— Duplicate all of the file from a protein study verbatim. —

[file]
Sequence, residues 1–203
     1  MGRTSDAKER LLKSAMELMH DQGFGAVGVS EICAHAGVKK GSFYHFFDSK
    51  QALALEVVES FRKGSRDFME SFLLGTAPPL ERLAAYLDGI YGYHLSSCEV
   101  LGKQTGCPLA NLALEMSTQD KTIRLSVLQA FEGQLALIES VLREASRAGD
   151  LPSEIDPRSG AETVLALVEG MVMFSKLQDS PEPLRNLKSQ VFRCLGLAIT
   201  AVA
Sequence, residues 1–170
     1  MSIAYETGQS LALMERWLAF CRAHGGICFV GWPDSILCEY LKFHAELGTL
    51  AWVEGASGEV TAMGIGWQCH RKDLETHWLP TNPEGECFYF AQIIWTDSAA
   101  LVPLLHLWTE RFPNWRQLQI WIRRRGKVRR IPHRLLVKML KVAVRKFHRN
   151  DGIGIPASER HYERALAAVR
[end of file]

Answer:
Sequence, residues 1–203
     1  MGRTSDAKER LLKSAMELMH DQGFGAVGVS EICAHAGVKK GSFYHFFDSK
    51  QALALEVVES FRKGSRDFME SFLLGTAPPL ERLAAYLDGI YGYHLSSCEV
   101  LGKQTGCPLA NLALEMSTQD KTIRLSVLQA FEGQLALIES VLREASRAGD
   151  LPSEIDPRSG AETVLALVEG MVMFSKLQDS PEPLRNLKSQ VFRCLGLAIT
   201  AVA
Sequence, residues 1–170
     1  MSIAYETGQS LALMERWLAF CRAHGGICFV GWPDSILCEY LKFHAELGTL
    51  AWVEGASGEV TAMGIGWQCH RKDLETHWLP TNPEGECFYF AQIIWTDSAA
   101  LVPLLHLWTE RFPNWRQLQI WIRRRGKVRR IPHRLLVKML KVAVRKFHRN
   151  DGIGIPASER HYERALAAVR